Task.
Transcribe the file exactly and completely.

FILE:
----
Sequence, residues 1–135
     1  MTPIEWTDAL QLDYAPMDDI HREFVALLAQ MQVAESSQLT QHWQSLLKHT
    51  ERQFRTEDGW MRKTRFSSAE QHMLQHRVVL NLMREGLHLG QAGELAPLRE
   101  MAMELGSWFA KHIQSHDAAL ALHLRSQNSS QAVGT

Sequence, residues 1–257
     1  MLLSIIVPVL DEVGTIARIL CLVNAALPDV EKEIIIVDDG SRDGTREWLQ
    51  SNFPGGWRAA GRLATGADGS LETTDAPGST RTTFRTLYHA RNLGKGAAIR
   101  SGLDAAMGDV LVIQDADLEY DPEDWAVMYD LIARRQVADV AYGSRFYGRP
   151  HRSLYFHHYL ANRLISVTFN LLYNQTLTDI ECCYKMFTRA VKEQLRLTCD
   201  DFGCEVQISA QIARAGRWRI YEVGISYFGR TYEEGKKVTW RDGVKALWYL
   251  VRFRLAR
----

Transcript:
Sequence, residues 1–135
     1  MTPIEWTDAL QLDYAPMDDI HREFVALLAQ MQVAESSQLT QHWQSLLKHT
    51  ERQFRTEDGW MRKTRFSSAE QHMLQHRVVL NLMREGLHLG QAGELAPLRE
   101  MAMELGSWFA KHIQSHDAAL ALHLRSQNSS QAVGT

Sequence, residues 1–257
     1  MLLSIIVPVL DEVGTIARIL CLVNAALPDV EKEIIIVDDG SRDGTREWLQ
    51  SNFPGGWRAA GRLATGADGS LETTDAPGST RTTFRTLYHA RNLGKGAAIR
   101  SGLDAAMGDV LVIQDADLEY DPEDWAVMYD LIARRQVADV AYGSRFYGRP
   151  HRSLYFHHYL ANRLISVTFN LLYNQTLTDI ECCYKMFTRA VKEQLRLTCD
   201  DFGCEVQISA QIARAGRWRI YEVGISYFGR TYEEGKKVTW RDGVKALWYL
   251  VRFRLAR